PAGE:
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Paramedics and government face tribunal on pay dispute

A pay dispute between paramedics and the NSW government will be heard by an industrial tribunal in the hopes of resolving the crisis before the end of the year.



Paramedics and the NSW government will appear before the industrial umpire in the hopes of resolving a long-running stoush over pay.


The bitter dispute has plagued the Minns government for more than eight months as paramedics point to higher salaries offered to their colleagues in the ACT, Queensland and Victoria.


The Health Services Union (HSU) and government officials will meet at a hearing before the state's Industrial Relations Commission on Monday afternoon. 


The union rejected a pay offer last week that would have lifted salaries by an average of 19 per cent over four years.


The complex offer did not match base pay for Queensland paramedics and would leave NSW workers short-changed, the union said.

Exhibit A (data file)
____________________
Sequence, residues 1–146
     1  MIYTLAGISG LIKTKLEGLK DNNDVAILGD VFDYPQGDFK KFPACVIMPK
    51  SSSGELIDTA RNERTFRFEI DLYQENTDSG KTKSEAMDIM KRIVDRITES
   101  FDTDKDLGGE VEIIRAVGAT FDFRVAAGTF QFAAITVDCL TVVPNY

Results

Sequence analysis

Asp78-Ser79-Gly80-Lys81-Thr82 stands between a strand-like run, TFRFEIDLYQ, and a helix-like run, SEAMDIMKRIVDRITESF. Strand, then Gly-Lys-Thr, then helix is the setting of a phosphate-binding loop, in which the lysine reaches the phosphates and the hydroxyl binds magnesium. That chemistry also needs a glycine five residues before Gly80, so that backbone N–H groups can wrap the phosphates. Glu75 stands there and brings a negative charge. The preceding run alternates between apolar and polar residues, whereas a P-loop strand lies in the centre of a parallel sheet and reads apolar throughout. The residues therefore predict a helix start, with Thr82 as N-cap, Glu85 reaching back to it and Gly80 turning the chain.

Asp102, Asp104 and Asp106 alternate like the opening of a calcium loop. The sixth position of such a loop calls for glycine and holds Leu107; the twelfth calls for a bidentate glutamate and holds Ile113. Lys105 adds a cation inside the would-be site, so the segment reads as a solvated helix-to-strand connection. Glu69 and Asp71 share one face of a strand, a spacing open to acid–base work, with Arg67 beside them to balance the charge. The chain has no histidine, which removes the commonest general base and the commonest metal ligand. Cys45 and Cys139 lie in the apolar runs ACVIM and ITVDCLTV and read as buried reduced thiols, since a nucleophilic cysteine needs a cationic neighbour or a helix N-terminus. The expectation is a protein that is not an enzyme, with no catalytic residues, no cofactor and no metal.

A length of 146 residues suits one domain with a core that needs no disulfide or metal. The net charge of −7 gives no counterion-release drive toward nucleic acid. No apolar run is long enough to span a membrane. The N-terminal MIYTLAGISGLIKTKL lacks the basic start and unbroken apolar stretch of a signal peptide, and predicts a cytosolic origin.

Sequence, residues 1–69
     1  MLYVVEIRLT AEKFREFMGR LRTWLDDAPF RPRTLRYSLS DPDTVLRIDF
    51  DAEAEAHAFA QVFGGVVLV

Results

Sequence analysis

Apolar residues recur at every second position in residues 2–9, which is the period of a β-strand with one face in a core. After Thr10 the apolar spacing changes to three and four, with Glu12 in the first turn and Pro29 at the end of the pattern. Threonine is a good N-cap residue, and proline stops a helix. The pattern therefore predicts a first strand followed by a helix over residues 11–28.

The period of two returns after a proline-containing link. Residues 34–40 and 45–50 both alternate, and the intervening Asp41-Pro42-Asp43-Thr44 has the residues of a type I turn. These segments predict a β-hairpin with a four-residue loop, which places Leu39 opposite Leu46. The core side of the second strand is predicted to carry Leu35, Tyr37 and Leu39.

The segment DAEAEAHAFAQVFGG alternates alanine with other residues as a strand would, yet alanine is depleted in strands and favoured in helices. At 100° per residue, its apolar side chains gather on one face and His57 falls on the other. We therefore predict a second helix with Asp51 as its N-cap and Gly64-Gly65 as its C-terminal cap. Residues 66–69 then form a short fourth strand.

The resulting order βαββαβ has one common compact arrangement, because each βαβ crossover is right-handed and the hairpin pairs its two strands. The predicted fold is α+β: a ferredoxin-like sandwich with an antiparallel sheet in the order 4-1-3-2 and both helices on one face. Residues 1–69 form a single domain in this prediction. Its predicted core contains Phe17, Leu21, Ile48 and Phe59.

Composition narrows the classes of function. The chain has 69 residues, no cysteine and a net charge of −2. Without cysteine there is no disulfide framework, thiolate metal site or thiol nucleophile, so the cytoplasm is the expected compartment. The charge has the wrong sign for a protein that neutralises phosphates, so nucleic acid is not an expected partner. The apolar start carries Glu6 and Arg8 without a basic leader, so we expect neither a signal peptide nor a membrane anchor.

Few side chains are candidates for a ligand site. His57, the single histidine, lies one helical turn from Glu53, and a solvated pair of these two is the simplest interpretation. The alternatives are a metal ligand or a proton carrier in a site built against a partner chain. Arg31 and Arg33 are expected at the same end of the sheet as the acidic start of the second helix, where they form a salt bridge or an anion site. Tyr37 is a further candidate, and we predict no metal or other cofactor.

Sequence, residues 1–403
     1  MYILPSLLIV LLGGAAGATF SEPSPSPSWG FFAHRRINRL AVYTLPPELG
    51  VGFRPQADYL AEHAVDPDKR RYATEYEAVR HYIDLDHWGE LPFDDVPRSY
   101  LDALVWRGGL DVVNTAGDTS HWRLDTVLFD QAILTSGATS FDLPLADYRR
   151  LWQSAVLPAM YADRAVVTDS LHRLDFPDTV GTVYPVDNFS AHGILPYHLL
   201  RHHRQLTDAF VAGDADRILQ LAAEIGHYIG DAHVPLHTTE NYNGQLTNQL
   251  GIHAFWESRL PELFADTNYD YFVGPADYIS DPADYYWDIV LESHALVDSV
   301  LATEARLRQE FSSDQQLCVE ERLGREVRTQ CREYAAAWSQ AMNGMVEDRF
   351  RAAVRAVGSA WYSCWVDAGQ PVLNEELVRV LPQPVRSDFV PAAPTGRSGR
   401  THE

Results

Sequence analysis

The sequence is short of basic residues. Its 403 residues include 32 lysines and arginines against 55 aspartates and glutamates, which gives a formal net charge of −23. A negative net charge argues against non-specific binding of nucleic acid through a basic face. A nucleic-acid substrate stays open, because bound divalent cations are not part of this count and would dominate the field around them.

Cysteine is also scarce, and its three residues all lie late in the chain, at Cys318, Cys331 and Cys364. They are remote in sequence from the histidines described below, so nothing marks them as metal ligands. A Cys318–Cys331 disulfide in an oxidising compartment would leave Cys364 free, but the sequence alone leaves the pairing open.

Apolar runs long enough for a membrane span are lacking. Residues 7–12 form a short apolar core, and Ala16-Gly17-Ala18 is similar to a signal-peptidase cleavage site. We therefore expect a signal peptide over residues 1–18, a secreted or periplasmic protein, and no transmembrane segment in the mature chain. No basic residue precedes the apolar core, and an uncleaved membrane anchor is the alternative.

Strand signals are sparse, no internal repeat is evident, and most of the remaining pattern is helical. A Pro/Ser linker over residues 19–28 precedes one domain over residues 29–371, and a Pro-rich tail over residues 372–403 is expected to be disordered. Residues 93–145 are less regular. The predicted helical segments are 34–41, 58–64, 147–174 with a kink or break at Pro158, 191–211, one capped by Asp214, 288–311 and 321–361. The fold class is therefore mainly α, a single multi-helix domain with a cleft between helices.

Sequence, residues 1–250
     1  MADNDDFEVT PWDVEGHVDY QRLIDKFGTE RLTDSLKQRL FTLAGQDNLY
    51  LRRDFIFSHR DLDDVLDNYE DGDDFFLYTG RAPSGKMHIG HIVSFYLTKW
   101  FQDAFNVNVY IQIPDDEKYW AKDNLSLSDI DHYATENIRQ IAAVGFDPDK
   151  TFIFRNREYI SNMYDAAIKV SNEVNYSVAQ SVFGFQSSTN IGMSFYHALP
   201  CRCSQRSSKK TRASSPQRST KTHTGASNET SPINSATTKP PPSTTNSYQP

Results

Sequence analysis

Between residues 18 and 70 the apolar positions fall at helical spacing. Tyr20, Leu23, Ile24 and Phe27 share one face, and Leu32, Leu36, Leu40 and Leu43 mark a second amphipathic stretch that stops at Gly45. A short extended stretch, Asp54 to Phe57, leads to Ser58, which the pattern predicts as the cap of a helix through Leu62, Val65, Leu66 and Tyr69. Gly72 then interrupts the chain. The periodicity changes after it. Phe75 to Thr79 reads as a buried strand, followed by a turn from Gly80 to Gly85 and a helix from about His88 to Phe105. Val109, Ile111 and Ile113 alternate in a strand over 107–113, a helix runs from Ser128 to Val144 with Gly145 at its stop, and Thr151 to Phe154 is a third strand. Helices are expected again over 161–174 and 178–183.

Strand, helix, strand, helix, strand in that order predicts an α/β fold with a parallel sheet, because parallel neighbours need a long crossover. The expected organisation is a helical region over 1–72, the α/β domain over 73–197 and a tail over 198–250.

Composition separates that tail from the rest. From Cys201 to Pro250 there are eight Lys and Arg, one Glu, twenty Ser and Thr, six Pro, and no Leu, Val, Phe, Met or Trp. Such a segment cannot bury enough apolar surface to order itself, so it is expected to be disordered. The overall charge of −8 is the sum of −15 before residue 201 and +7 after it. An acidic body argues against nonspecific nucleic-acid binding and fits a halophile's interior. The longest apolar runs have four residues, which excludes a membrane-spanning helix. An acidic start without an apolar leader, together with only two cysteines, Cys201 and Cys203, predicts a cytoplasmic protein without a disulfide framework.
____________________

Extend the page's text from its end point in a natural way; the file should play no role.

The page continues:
If a deal is not struck by the end of the year, 2100 paramedics have threatened to allow their professional registrations to lapse on January 1. 


This means paramedics would be legally unable to attend triple zero calls from New Year's Day if they do not apply for renewal.


Health Minister Ryan Park warned the state's triple zero emergency system could collapse on one of the busiest nights of the year if the matter was not resolved. 

Premier Chris Minns and Ryan Park want the paramedics' pay dispute resolved before the new year.


"We've made it clear that we are happy to continue the discussion around refining that (offer) and what that might look like," he said on Monday. 


"But we always have to understand that we are working, just like any government and just like any family is, in a budgetary challenging position."


The HSU has accused the government of sharing misleading figures as part of its proposed pay rise, including inaccurate sums for Queensland paramedics' base rate in making interstate comparisons.


NSW secretary Gerard Hayes told hundreds of members at a stop-work meeting on Friday that the state's paramedics were the lowest paid and highest injured among their counterparts.


Premier Chris Minns said on Monday the government offered to import the Queensland pay system into NSW, but the union rejected that option as it would result in worse overtime rates and conditions, despite higher base pay.


"One thing the government has said from the very beginning is that we believe paramedics need to be paid more than they currently are being paid," he said.


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